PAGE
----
'Terra Nova' recap: Outward bound
If "Terra Nova" were a better show, then a moment near the end of this, its fifth episode, might have played out like the great “Pine Barrens” episode of "The Sopranos," in which one character you'd expect to be dead instead mysteriously disappears. Now, the character is almost certainly dead, but there's always that chance that he or she could come back to wreck Tony Soprano's life at the least-opportune moment.
When Taylor and Jim send the man who killed the unfortunate Foster (with a dinosaur!) off into the jungle at the end of this episode, it should have had the potential to upend everything. What if he stayed out there and somehow survived, growing stronger and stronger, then returned exactly when Terra Nova was least prepared to deal with a super-strong survival expert strolling in out of the woods? Or what if he joined up with Mira and the Sixers? Sure, he's probably dinosaur chow, but this episode should have left the possibility that he survived hanging over the rest of the series.
And, yes, it's still there, but I don't find myself really caring. That's the problem with "Terra Nova" in a nutshell: The ideas are pretty good — sometimes great, even — but the execution waters them down so much that it's hard to care all that much. There are some really rock-solid thoughts in this episode. Mira getting Josh on her payroll, so to speak? That could pay off wonderfully down the line. Jim starting to see what the others mean when they talk about how Taylor's maybe not the best leader ever? That's another plot point that works well as we build the story. Elisabeth and Zoe hatching a baby ankylosaurus and deciding to keep it as their own? Well, you can't win 'em all.
But I only care about this stuff if the characters make sense. Here's a case in point: The motivation for Josh as such a pain in the butt about bringing his old girlfriend back to Terra Nova — so dedicated is he that he refuses to hook up with Skye, who's way more attractive than whoever his girlfriend might be — is because he misses her so much. But we've seen her for all of five seconds, so we don't terribly understand just what's up with his insistence that she return. We get a few nods toward how bad the future is in this episode, since apparently three of Josh's friends committed suicide (in a moment that's meant to be dramatic but, instead, becomes incredibly goofy because of how the actor plays it). But that still doesn't make up for the fact that Josh is apparently willing to betray his father and everything else just to bring back his lady love. Because we don't know Kara, even through Josh, really, it's hard to get invested.
There's a way to make all of this work. If Josh is still mad at his dad for all of the stuff his family had to go through, as he was in the pilot, at least that's a somewhat believable motivation. Teenage angst is rarely fun to see portrayed on screen, but at least we'd be building from something other than, "You just can't know what the future is like, and I'm having trouble describing my girlfriend to you, Skye, because your eyes are so dreamy," which is what we've gotten so far. In general, "Terra Nova" suffers from a lack of danger and stakes, and the relationships are just another aspect in which this is apparent. (Show of hands: Who thinks Malcolm actually represents a credible threat to the Shannon marriage? No one? Then why does the show keep trying to paint him as such?)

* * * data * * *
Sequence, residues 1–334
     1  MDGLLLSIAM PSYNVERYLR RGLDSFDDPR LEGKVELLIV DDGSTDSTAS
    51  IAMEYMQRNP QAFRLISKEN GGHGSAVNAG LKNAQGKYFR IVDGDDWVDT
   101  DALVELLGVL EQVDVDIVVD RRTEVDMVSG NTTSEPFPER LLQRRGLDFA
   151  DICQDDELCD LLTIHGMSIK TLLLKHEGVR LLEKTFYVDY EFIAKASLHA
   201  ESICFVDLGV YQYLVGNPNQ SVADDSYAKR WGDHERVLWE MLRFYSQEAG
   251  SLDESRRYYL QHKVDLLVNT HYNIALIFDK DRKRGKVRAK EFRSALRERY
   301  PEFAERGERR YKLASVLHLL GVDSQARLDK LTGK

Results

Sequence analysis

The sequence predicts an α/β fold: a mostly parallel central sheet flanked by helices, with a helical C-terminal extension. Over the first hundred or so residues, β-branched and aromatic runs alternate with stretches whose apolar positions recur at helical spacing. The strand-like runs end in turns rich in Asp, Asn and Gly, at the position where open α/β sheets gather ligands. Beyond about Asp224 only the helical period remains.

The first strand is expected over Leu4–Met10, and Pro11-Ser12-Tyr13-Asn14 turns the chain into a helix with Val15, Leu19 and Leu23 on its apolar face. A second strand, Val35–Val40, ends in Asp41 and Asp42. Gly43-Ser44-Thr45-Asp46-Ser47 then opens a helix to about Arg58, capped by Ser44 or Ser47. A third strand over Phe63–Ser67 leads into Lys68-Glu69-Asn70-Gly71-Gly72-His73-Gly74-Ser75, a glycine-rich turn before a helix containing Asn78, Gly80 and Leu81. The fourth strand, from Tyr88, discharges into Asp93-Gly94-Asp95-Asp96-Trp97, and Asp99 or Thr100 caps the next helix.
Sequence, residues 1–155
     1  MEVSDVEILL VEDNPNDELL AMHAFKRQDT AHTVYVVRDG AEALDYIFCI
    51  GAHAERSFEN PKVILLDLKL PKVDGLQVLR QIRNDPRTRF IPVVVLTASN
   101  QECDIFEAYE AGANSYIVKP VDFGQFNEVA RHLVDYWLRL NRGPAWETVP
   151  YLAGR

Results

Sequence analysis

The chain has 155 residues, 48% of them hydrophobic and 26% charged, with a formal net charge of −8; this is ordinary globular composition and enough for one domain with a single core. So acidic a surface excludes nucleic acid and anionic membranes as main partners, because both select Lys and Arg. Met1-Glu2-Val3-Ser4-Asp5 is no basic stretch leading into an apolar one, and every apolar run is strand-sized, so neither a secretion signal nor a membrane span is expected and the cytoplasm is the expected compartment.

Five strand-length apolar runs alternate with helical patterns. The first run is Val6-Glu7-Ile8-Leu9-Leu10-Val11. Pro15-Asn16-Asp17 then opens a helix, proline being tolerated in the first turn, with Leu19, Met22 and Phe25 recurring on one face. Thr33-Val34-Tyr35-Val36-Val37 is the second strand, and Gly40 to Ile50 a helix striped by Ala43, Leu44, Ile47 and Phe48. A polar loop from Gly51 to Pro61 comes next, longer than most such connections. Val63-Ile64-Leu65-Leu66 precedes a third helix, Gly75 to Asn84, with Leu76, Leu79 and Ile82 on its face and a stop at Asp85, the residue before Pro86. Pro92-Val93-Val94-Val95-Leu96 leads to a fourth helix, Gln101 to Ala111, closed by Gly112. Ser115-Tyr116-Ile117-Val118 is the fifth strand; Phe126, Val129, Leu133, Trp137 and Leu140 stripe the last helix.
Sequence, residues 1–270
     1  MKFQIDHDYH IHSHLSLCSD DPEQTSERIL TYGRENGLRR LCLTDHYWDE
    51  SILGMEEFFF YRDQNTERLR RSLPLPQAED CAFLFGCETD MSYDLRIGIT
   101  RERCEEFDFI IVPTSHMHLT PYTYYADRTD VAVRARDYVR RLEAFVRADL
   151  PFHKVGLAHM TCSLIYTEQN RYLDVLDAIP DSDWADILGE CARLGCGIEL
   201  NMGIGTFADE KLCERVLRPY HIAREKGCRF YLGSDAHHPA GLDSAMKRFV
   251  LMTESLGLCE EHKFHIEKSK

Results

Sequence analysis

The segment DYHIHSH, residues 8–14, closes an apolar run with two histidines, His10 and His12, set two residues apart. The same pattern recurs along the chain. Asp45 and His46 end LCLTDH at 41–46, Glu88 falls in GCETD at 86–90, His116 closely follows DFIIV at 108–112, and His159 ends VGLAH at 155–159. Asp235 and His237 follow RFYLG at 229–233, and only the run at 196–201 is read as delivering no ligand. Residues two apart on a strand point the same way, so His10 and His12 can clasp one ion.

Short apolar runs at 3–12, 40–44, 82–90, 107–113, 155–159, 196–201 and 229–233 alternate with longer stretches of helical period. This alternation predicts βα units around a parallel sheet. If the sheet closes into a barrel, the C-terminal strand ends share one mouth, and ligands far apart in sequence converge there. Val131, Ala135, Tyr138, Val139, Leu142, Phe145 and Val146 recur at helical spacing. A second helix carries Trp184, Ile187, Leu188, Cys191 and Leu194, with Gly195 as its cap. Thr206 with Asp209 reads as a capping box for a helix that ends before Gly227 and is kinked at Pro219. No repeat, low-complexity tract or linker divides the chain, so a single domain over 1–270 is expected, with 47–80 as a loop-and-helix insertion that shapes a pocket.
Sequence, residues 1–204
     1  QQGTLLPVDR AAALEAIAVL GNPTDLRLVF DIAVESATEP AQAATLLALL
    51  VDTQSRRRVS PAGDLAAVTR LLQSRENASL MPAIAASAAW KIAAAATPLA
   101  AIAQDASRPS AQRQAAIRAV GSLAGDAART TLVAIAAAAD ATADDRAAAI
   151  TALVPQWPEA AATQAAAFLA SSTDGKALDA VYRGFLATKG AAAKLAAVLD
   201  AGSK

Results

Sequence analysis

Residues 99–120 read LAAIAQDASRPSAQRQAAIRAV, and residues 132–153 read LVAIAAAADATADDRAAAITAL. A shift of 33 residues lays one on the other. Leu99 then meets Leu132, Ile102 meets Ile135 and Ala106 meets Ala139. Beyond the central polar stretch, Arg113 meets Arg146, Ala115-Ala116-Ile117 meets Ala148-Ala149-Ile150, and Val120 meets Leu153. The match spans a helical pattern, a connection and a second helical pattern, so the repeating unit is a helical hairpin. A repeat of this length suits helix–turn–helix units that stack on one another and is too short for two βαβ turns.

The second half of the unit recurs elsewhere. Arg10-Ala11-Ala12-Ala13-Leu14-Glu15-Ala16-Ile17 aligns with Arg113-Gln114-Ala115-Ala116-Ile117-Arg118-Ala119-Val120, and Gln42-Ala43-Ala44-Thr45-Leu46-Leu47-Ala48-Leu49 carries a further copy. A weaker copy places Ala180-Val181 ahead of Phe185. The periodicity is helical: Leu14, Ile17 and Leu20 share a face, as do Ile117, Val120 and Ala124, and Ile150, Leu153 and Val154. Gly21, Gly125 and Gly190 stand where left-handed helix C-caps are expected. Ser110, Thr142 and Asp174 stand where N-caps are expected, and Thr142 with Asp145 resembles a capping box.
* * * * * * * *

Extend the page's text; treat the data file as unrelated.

Or here's another moment: The man initially accused of the murder-by-dinosaur — a lottery winner whose wife married him only to travel back in time to Terra Nova, who cheated on her husband with the murder victim — strides off into the jungle, ready to start his life post-banishment. Jim swoops in to have a talk with him. There's no real sense that either man is in danger — from dinosaurs or Sixers or anything. They could just as well be two men stopping for a Sunday afternoon chat in Griffith Park, for all the show seems to care about any of this.
And yet there are things in "Terra Nova" that would keep me coming back, even if I weren't your humble recapper. In particular, I thought the latest episode's scene featuring the banishment might have been the best scene the show has done to this point. It's always an interesting question about how a growing society adopts laws to govern itself and figures out ways to enforce those laws, even if it doesn't have many effective punishments other than death. After all, it's hard to imagine the colony building a good maximum security prison. So the punishment for killing a man is banishment into the prehistoric wild, and when Taylor carries the sentence out, there's the proper sense of how this is a terrible thing, but he's the leader, and he needs to punish a crime somehow. This is a scene that really does feel like it has stakes — how will this fledgling society possibly govern itself without losing its soul? — and the show is the better for it.
Of course, it's followed up by the guy being innocent and Shannon being able to prove it and Shannon and Taylor catching the real killer and then consigning him to his own banishment (this time with none of the sense of gravity of what just happened). Just think how much more interesting this might have been had the innocent man not been rescued in time, causing the Terra Nova public to refuse to send the real criminal off into the jungle. Just think of how much more interesting all of this would be if with at least some sense of danger.
— Todd VanDerWerff
Photo: Taylor (Stephen Lang, left) and Jim (Jason O'Mara) send a murderer into the jungle as punishment for his crime. Credit: Fox